Ford did it with the Explorer. Nissan did it with Pathfinder. Honda did it with the Passport.

Is even a big deal that Chevrolet transplanted the Blazer name from a truck onto a crossover?

Based on the robust sales of all of the above, probably not. Especially considering that the last-generation Blazer went out of production in 2005. Likely disappointing only those holding out hope for a K-5 or S-10-style competitor to the upcoming Ford Bronco, which is a dedicated off-roader based on the Ford Ranger pickup, the 2019 Blazer was built for the street.

(Fox News Autos)

It’s front-wheel-drive and features styling that makes it resemble a Camaro more than a Colorado. That’s also true on the inside where the dashboard, circular vents, climate controls and infotainment screen all look like they were sourced from the Camaro’s parts catalog. Dressed in its sportiest RS trim, the Blazer has presence.


Priced at $41,795, it also has a nine-speed automatic transmission and a 308 hp V6 in place of the 193 hp 2.5-liter four-cylinder that comes in the entry-level model for $29,995. The Blazer is available in five versions, with the Premier standing next to the RS at the top of the list in classier clothes.

The Blazer Premier starts at $41,895. (Chevrolet)

The Blazer sits in Chevy's lineup below the Traverse and has seating for just five, but with tons of room everyone. That includes the rear middle passenger, who is treated to a flat floor instead of a hump. The cargo space is just a hair larger than the smaller Chevy Equinox’s, however, thanks in part to the Blazer’s steeply raked roof.


While a loaded Blazer can crest $50,000, it does come with pretty much every feature imaginable in an attempt to justify the price, including adaptive cruise control, a 360-degree camera, video rearview mirror, heated and ventilated seats and a wireless charging pad for smartphones. I’m not sure it pulls it off, but the market will soon decide how much money needs to be placed on the hood. (As of this writing you'll find up to $2,000 sitting there.)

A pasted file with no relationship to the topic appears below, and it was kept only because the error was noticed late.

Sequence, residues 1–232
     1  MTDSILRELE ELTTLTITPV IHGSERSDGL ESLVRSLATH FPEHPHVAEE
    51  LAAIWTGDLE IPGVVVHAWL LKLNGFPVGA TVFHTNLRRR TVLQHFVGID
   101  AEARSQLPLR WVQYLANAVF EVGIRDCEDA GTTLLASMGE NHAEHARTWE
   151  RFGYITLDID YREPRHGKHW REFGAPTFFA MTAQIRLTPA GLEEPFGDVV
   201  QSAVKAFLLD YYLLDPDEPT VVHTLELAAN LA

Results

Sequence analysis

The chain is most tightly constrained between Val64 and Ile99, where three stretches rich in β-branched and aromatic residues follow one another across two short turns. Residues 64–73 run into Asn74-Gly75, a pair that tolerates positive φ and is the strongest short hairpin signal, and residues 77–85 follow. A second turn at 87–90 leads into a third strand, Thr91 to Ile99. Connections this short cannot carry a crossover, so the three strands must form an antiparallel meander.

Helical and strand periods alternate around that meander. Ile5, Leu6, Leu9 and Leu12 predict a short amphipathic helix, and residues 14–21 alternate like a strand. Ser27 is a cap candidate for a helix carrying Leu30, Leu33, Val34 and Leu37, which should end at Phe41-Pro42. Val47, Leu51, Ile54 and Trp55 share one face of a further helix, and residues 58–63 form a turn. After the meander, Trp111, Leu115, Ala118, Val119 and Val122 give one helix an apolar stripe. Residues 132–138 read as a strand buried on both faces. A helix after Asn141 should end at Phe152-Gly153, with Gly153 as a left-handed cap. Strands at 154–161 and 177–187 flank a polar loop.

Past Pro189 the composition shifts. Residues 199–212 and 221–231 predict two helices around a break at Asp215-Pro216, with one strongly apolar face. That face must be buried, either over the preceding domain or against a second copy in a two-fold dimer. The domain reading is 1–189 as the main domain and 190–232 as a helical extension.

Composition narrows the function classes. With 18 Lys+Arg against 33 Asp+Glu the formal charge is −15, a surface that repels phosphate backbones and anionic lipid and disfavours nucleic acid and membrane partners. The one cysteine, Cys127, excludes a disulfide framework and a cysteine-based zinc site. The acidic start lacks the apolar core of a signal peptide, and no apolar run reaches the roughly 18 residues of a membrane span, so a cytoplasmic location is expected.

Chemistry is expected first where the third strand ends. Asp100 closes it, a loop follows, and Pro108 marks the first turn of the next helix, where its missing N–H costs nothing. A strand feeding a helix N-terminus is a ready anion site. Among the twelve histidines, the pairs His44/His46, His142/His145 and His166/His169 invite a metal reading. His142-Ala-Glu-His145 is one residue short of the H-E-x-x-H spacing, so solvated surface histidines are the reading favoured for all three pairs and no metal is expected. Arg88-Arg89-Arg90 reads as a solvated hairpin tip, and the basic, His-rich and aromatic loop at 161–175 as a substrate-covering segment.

The Blazer sits low for a utility vehicle, so much so that it can feel like a sedan from the driver’s seat. The RS isn’t quite as athletic as it looks, even with optional all-wheel-drive and the mode selector set to “checkered flag,” but it handles and rides well enough for a vehicle that competes with the likes of the Ford Edge and Nissan Murano. The Blazer is built on the same platform as the Cadillac XT5 and some of that luxury refinement has clearly trickled down. Not that far, as the XT5 has a base price of $41,690.


There is an off-road mode in the drive settings that tips its hat to the Blazers of yore, but nothing about the vehicle suggests you should venture onto any surface that isn’t as flat as the paved road you’re turning off of. If a campground is as far into the wilderness as you typically venture, keep in mind that all-wheel-drive models can tow a healthy 4,500 pounds.

The TrailBlazer is built on a truck chassis. (Chevrolet)

You can still get a true heir to the old Blazers if you really want one. You just have to head south of Mexico or overseas where Chevy sells the pickup-based TrailBlazer SUV.


2019 Chevrolet Blazer

Base price: $29,995

As tested: $50,765

Type: 5-passenger, 5-door all-wheel-drive SUV

Engine: 3.6-liter V6

Power: 308 hp, 269 lb-ft

Transmission: 9-speed automatic

MPG: 18 city/25 hwy